In order to find a baby to adopt, you need to connect with a woman (or couple) with an adoption plan. Posting a “Dear Birth Mother” letter or an adoption profile on Canada Adopts! is one way to do this. But it’s not the only way. Here are some others.
Word of Mouth
This is by far the cheapest and, in some ways, the most effective networking tool. From here on in, think of your life as an open book. Whether you feel comfortable with it or not, you’re going to have to let the whole world know about your plans to adopt. This includes not only family members and friends, but your mailman, plumber, mechanic, hairdresser – you name it. After all, you never know who might be listening. Someone might know someone who knows someone…
A little more expensive than other outreach tools, but often just as effective. Just make sure they’re allowable. In some provinces and states, ads of this nature are illegal. As for which papers to chose, campus publications and community newspapers in small towns are your best bet. Blanket coverage can be arranged through your province’s university or community newspaper association. The best time to advertise is a few months after the holidays — Christmas or the summer — since that’s when the lion’s share of unplanned pregnancies seem to occur.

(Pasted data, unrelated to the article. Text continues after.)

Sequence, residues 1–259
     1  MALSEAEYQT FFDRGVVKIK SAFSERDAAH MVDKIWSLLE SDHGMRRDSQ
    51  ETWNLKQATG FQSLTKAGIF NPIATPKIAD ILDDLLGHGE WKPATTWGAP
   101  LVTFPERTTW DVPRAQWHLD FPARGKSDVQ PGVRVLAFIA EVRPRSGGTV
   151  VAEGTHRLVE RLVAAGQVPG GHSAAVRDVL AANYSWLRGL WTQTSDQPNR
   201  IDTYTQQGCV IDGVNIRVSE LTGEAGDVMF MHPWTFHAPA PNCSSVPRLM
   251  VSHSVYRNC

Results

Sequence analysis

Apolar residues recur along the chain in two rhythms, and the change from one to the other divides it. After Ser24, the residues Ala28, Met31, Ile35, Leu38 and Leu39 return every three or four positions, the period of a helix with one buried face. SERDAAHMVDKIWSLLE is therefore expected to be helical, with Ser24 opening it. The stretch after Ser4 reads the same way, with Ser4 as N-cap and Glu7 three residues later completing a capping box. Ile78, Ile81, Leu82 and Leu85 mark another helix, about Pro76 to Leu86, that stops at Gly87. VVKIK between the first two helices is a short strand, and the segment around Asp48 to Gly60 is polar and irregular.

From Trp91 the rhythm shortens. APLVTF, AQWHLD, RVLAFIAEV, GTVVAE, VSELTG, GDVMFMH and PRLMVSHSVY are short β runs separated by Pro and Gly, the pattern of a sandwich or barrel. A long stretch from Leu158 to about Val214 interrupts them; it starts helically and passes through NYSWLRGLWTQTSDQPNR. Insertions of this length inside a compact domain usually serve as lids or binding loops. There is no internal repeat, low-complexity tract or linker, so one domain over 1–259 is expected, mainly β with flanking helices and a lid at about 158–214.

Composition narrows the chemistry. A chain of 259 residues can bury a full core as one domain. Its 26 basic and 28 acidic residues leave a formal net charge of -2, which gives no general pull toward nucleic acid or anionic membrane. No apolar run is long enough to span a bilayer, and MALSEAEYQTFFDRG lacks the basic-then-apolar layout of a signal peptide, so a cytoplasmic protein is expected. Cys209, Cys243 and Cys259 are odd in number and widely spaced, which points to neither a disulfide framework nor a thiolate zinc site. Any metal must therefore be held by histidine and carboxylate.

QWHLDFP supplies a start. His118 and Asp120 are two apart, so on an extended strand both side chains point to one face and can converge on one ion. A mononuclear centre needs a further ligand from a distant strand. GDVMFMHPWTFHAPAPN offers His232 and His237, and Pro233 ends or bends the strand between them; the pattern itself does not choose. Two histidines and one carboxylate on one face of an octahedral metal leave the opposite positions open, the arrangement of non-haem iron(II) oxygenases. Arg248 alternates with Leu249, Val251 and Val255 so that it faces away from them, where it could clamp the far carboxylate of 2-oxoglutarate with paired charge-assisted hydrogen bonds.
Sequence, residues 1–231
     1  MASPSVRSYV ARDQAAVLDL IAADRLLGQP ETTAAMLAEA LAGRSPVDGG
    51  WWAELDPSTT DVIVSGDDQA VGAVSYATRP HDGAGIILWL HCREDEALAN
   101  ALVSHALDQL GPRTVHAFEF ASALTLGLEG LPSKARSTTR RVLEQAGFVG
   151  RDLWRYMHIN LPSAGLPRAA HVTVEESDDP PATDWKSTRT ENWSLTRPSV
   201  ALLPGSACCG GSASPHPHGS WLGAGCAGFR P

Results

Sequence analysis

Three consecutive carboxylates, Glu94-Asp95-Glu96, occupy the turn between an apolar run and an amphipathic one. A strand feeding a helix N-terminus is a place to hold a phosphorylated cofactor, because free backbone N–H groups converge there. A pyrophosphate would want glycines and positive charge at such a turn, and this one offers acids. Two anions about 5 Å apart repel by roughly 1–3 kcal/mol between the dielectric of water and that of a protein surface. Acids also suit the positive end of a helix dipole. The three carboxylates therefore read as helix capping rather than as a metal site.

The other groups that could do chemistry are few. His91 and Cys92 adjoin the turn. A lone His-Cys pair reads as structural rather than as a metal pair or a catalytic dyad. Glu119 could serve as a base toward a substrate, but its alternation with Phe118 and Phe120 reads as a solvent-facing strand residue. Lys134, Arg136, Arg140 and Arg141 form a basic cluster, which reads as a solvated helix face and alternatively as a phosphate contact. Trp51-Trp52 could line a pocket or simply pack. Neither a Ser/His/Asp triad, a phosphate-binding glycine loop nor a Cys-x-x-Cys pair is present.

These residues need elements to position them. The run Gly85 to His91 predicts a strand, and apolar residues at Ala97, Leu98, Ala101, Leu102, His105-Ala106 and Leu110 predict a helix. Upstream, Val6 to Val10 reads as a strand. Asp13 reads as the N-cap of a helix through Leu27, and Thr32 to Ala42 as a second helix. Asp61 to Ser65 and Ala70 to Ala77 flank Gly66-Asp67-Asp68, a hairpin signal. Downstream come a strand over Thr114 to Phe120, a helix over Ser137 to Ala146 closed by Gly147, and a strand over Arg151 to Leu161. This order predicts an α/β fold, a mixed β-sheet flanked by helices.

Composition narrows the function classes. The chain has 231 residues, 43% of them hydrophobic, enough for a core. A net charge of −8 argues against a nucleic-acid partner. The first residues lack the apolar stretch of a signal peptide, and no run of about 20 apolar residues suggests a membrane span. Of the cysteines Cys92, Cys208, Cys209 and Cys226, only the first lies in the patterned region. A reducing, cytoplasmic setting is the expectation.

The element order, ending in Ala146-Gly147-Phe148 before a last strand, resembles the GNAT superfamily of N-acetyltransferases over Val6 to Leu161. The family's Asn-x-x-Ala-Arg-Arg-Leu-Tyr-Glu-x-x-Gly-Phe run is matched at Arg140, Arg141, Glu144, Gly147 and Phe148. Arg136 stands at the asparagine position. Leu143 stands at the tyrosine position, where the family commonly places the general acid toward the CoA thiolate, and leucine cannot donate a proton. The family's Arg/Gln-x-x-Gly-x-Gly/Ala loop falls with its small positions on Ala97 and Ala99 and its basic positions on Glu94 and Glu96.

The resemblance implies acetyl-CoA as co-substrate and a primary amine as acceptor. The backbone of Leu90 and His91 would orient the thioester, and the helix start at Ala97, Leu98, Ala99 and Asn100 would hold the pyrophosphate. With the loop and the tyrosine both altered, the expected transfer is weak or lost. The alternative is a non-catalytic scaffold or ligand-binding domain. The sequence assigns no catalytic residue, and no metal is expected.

A letter campaign is another effective way to get the word out, provided you know where to send it. Some suggestions: obstetricians, gynecologists, family doctors and clinics, women’s shelters, licensees, adoption practitioners, guidance counsellors and religious institutions. In other words, any place where a pregnant woman may turn to for help. Addresses can be obtained through the Yellow Page or mailing list brokers.
Relatively inexpensive and extremely versatile, cards are a great way to get the word out. Keep the message simple. “We’re interested in adopting a baby” is all you really need to say, along with your first name and a phone number and/or e-mail address. Drop off your cards wherever you think a potential birth mother might find them: universities, clubs, record stores, fast food outlets, laundromats etc. Some people go so far as to slip one in with every piece of mail that leaves their house. If it works, why not?
Private Adoption Agencies
If you’ve got the budget, this is another route you may want to consider. Depending on where you live, you may have more than one to choose from. Just be sure that the agency you select has some kind of track record domestically. Most private agencies in Canada specialize in overseas adoptions because they’re less uncertain.
Other Web Sites
As much as we’d like to think of ourselves as a unique service, Canada Adopts! isn’t the only game in town. Other sites will be happy to post your parent profile or “Dear Birth Mother” letter online. Fees will vary, and the added exposure can’t hurt.
When it comes to attracting the attention of a prospective birth mother, just about anything goes. A lot will depend on your budget, your resourcefulness and, of course, your sense of privacy. There are couples, for instance, who don’t think twice about walking around in a T-shirt with their adoption message emblazoned across their chest. Others, working with a more limited budget, may decide that putting up posters on telephone poles is the way to go. As long as your approach doesn’t raise questions about your sanity or your fitness to become a parent, the sky’s the limit.
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